4 Sentient Memories: The Things We Treasure

lfDP Writing 101 Day 20: Possessions & Long-form writing

I’m not going to lie to you this time. My mind feels like a revolver with somebody else’s finger on the trigger. Writing this will be difficult. Why? I have been asked to write the story of my “prized possession” and to write a fairly “long” story, rather than a short riff about it. This feels difficult for a number of reasons.

First, I’m not a collector of possessions: no house, no band saw, no ‘65 Porsche. Most of my life has been a man in motion—moving from one town to another, moving from one job to another, moving from one country to another, one hobby to another, one life to another, one woman to another (okay that’s a story for another day). Even these days when I’m in my own country, I live in a motorhome and park in some lovely spot in the mountains or some other lovely spot by the sea. For most of my life, I was pretty much the poster child for minimalist living. Just recently, I purchased my first TV (and I’m not a young man), and, get this, I don’t even own a smartphone. I’m not a dinosaur, I just never wanted a phone that was smarter than me. Okay, I’m a dinosaur.

Second, the items that I have purchased during my travels in various places around the world are all loved pretty much equally. I mean, take the broken tile from Delft (Holland) mounted on a faux-antique frame painted gold. Such kitsch, but for some reason I have not changed the frame—the combination seems to work in some appealing way for my eye, and senses, (or should we call it procrastination?). During an unusually-sunny summer a few years ago, I was holed up in a quaint canal house in Amsterdam, and met up with Nina T, one of my favorite travel buddies. After downing the requisite afternoon Heineken at an outdoor table of a pub alongside the Prinsengracht, we hopped a train and traveled to Delft, a picturesque little town right out of a Hans Christian Anderson fairy tale. Lying just north of Amsterdam, Delft is famous for a couple of things: its pottery, its Nieuwe Kerk (new church) dating from the 14th century, its history of breweries, and the famous painter, Johannes Vermeer. Vermeer painted mostly inside domestic scenes, and usually in his studio located inside his house, in Delft. He’s the guy who painted “The Milkmaid” pouring milk from a clay pitcher into a clay bowl, and “The Girl with the Pearl Earring” that Scarlett Johansson played in the movie.

Vermeer's Milkmaid
Vermeer’s Milkmaid
Windmill in Delft, Netherlands
Windmill in Delft, Netherlands
Nieuwe Kerk courtyard
Nieuwe Kerk courtyard

On another adventure, Nina T and I had once visited Jane Austen‘s house, located in the little burg of Chawton, about an hour southwest of London. Fine, Jane Austen was a good writer, but I’ve never been a big fan—no car chases, nobody gets blown up, no sex. What I remember most about Chawton, besides the fact that nothing’s there (no, literally), is the fine little pastry shop just across the street from Jane Austen’s house. If you like scones, drive on down to Chawton and view Jane Austen’s house from the shop across the street.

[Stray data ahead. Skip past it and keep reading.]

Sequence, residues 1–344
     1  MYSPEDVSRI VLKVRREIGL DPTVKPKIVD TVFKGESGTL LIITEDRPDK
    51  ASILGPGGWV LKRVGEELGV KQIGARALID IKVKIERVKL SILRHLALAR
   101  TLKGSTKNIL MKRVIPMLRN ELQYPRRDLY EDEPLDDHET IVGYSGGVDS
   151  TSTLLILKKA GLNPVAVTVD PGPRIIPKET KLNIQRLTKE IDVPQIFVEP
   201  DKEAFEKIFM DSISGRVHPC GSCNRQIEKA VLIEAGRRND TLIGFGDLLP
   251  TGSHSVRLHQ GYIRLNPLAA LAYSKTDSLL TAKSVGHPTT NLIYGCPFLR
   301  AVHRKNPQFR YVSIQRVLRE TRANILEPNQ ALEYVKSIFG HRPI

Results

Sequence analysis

Ceiling of Nieuwe Kerk
Ceiling of Nieuwe Kerk
Nina BEFORE afternoon beer
BEFORE: afternoon beer
AFTER: afternoon beer
AFTER: afternoon beer

Nina T and I—lovers of the insides of other people’s houses—wanted to check out the inside of Vermeer’s home, but it was closed for renovations. It was easy, however, to see how the inside would brighten from the natural light pouring through the large windows.

Canal house spanning canal, Delft
Canal house spanning canal, Delft
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Steps leading to canal with floating algae, Delft

In an effort to create pottery that looked like Chinese porcelain, Delft craftsmen from that era typically used a combination of three different clays: a local calcium-rich marl, a clay from France, another from Germany. They covered the finished piece in a white tin glaze, then coated it with a clear glaze. They painted designs in cobalt blue, and ultimately, other colors and ended up with a fairly good imitation of Chinese porcelain. I’ve never been a big fan of Chinese porcelain, the designs are too busy. Dutch wall tiles are much less busy. Some may have only one flower, a sea shell, a dog, or a man wielding a scythe.

Therapy: Holland Style
Therapy: Holland Style

I purchased my tile from an antique purveyor in Delft. It was made centuries ago, by Delft craftsmen. It is actually half a tile, split pretty much right down the middle. In the center you see a piece of a flower, a tulip, and a fleur-de-lis at each corner. The tile had the date of its approximate production taped to the back. The tape loosened, got lost. I have a bad memory, but I remember something like 1658.

The antique shop where I bought the tile
The antique shop where I bought the tile
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My circa 1658 Delft tile fragment in gaudy frame

This would have been about the time Vermeer was painting “The Milkmaid” in natural light in the studio of his home. I keep imagining how this tile got broken, the room where it lived, the people, their clothes. I would love to listen to its long tale, the saga of lives it witnessed through history. Because of all that is happening in the world these days, I keep telling my friends that I’m glad I was born at the time I was, when life was simple, and I grew up wearing no damn helmet while riding my bike, could walk the three miles to school in complete safety, and never once worried about a dead phone battery. I’m not sure I like where civilization is headed, I’m not sure I want to be living here in another 50 or 100 years (a cell phone embedded in my ear, computer screen in my retina, mandatory yoga classes in kindergarten). However, I would truly love to be on the planet when they invent a time machine and travel back centuries to a time when life was even more simple, yet hard. But then, can’t you just imagine the bookies of the future taking bets on just what Noah’s ark was made of. My bet would be reeds.